If you want to write a book on what can go wrong with a growth share, Accesso Technology (LSE: ACSO) could be a great subject.
Accesso does virtual queuing systems for theme parks and other attractions. Instead of wasting much of your time queuing up for rides, you get a fancy token thing that does the queuing for you and tells you when its your turn.
Sales had been growing, US theme parks came on board, and there was a world of opportunity. The Accesso share price soared, reaching £30 in September 2018.
As I write today, the shares are changing hands at around 300p. That’s a 90% fall in almost exactly two years. And it’s nothing to do with the Covid-19 crisis. No, even before the stock market crash kicked off in February 2020, Accesso shares were hovering around 550p. The pandemic has merely kicked the shares when they were very much already down.
Stunning growth share valuation
At the high point, Accesso shares were on a trailing price-to-earnings multiple of over 70. To me, it was a prime example of an overheating growth share. The company offered a new technology, and it was in demand in a growing market. But, as so often happens, investors saw only the upside and piled in. And they really weren’t interested in the potential downsides. Everyone had ignored Warren Buffett’s golden rule: Never lose money. No, they didn’t just ignore it. They shredded it, burned it, and danced on the ashes.
Then, the company abandoned “a significant and well-advanced acquisition opportunity” in October, and that was a trigger for investors to start leaping off the bandwagon. The 2018 full-year results started showing some weaknesses, and by the time 2019 results came around, revenue had failed to meet expectations. We saw a statutory pre-tax loss, and cash had dwindled to almost nothing.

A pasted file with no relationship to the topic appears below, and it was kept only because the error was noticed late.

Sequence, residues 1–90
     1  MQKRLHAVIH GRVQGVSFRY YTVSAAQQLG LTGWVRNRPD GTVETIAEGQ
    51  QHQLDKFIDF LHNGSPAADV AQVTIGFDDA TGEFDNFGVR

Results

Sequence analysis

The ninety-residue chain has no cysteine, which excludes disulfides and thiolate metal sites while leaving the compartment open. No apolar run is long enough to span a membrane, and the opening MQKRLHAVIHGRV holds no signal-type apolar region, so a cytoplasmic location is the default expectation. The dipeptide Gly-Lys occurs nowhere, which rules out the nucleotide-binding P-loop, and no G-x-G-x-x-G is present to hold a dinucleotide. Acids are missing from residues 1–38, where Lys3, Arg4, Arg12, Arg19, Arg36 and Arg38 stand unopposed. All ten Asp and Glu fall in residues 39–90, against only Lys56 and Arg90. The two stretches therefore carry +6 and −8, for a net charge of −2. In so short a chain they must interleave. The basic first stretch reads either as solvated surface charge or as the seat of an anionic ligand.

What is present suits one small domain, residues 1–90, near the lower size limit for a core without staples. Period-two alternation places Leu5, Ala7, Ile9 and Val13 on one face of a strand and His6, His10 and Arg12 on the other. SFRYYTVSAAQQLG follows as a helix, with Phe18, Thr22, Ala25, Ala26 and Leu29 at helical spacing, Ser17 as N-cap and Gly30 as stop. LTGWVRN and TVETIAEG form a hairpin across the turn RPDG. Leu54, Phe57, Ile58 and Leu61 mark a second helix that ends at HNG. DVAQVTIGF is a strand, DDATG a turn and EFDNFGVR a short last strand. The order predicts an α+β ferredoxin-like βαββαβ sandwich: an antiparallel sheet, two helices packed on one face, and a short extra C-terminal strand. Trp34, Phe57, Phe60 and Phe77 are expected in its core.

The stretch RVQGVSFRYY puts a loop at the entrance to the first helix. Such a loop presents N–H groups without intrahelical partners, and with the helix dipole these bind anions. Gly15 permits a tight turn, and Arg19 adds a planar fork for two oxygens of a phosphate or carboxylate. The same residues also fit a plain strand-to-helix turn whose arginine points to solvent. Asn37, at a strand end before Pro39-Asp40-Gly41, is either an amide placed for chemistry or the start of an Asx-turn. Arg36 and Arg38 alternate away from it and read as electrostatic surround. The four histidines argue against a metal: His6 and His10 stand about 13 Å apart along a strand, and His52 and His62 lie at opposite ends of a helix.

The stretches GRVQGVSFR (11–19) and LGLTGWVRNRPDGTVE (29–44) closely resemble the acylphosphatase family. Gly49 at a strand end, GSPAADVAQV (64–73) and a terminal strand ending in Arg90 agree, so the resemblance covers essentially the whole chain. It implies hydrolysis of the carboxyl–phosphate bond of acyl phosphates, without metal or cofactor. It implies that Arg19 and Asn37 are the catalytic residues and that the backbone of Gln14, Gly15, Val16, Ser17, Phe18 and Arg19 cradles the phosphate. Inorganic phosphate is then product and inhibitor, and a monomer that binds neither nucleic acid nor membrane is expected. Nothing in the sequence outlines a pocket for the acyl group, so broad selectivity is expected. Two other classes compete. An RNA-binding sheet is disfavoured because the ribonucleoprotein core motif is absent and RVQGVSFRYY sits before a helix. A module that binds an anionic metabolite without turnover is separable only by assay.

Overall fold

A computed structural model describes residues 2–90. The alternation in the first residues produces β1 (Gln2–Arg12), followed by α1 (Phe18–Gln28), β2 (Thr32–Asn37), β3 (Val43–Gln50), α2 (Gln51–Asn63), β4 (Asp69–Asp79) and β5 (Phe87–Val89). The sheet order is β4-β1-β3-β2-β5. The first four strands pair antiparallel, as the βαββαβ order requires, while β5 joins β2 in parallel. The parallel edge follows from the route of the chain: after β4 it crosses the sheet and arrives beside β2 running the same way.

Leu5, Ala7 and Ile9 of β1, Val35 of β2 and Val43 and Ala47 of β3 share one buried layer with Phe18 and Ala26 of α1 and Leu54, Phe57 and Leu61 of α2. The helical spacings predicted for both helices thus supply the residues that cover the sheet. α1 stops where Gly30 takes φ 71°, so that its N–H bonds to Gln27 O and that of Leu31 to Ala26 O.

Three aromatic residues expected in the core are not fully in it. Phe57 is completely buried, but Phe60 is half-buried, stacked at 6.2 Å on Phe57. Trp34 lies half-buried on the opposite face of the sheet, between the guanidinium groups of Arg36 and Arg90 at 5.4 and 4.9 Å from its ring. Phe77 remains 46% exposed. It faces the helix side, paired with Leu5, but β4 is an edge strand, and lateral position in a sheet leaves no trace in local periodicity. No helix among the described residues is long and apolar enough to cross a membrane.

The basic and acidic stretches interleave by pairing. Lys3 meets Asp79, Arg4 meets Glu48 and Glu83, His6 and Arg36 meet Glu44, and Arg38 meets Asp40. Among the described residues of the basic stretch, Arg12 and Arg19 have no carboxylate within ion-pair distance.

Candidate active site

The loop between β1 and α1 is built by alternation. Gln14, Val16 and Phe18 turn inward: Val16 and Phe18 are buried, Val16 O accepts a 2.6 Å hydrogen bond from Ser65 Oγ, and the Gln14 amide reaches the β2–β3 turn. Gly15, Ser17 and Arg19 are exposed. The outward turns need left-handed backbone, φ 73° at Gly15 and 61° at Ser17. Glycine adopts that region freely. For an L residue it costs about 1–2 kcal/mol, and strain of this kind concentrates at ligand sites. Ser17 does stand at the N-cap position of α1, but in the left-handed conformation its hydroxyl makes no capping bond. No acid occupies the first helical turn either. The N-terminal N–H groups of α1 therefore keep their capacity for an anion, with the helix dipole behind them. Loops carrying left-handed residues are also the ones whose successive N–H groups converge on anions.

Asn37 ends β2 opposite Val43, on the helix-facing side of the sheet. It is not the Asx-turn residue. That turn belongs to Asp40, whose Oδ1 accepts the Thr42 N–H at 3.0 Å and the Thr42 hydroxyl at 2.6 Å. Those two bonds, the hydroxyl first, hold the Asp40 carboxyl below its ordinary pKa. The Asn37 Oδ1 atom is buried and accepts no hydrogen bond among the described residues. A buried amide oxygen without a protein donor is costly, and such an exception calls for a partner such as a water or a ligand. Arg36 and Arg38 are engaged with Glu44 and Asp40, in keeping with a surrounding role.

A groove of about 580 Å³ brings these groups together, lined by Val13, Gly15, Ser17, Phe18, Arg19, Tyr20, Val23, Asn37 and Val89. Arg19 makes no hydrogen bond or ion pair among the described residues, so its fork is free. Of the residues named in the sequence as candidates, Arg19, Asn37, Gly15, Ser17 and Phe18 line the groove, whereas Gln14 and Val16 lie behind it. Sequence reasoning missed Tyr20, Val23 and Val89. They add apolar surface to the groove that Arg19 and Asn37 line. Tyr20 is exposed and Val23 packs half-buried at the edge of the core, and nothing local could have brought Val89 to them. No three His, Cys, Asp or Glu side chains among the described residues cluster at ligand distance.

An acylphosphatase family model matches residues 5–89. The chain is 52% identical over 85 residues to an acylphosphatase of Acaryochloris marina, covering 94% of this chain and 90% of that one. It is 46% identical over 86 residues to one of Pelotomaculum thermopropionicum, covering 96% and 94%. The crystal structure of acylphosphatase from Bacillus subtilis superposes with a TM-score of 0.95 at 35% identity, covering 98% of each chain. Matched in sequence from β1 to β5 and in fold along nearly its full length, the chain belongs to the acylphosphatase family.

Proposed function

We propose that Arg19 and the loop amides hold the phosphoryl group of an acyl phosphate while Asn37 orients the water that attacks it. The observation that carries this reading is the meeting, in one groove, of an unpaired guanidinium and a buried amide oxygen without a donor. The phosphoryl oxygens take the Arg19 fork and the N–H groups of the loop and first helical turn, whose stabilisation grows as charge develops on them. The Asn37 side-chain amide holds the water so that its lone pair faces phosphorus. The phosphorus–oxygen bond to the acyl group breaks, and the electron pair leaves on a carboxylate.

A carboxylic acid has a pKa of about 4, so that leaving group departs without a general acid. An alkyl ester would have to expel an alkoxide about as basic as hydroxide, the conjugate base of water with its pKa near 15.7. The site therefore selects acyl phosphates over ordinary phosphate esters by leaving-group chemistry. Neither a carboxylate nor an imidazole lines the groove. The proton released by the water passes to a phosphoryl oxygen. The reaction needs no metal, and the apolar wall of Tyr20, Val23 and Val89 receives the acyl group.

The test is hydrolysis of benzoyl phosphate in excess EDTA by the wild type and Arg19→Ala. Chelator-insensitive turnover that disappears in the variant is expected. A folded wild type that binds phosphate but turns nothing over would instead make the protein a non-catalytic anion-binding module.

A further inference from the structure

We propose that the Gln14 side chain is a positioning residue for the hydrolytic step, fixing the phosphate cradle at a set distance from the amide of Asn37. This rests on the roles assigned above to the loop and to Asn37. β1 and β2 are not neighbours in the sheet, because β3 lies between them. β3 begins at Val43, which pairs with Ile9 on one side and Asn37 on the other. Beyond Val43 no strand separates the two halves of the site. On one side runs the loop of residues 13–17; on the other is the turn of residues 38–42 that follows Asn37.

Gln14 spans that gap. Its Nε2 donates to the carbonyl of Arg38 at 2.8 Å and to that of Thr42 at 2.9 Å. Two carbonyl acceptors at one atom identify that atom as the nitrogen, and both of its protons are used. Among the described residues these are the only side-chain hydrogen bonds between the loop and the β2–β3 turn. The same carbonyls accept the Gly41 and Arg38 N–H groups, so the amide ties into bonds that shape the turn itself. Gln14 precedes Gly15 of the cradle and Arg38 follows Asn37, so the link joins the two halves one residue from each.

By May 2020, the firm was raising new cash with an equity issue and taking on extra debt facilities. What had gone wrong?
I think it was the classic over-egged growth share thing. Too much growth by acquisition too fast. And I think the board, just like the shareholders, were blinded by what they saw as golden opportunities. And they all forgot Buffett’s dull but sensible rules.
Time to buy now?
After all that, am I really considering buying now? I am. It’s because I’m seeing a company that looks a fundamentally good one, with genuine potential. And I think the best time to buy a growth share is often after the initial bubble has burst, and when the following crash-and-burn phase is over.
The first half of 2020 produced revenue of $24.6m, way down due to Covid-19 shutdowns, but better than expected. There’s an adjusted EBITDA loss of $7.4m, but the cash situation looks healthy enough. The refinancing in May raised $46.1m, and Accesso had net cash of $30.8m on the books at 30 June.
I think Accesso looks well poised to profit when pandemic restrictions finally end. And I’d buy now for what I see as a new, more sustainable, growth phase.
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Alan Oscroft has no position in any of the shares mentioned. The Motley Fool UK has no position in any of the shares mentioned. Views expressed on the companies mentioned in this article are those of the writer and therefore may differ from the official recommendations we make in our subscription services such as Share Advisor, Hidden Winners and Pro. Here at The Motley Fool we believe that considering a diverse range of insights makes us better investors.